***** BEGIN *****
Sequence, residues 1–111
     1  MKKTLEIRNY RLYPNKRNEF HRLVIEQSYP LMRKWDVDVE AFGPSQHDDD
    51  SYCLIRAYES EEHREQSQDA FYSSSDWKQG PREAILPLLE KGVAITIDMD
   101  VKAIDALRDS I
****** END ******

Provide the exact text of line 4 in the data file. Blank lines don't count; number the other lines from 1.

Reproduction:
   101  VKAIDALRDS I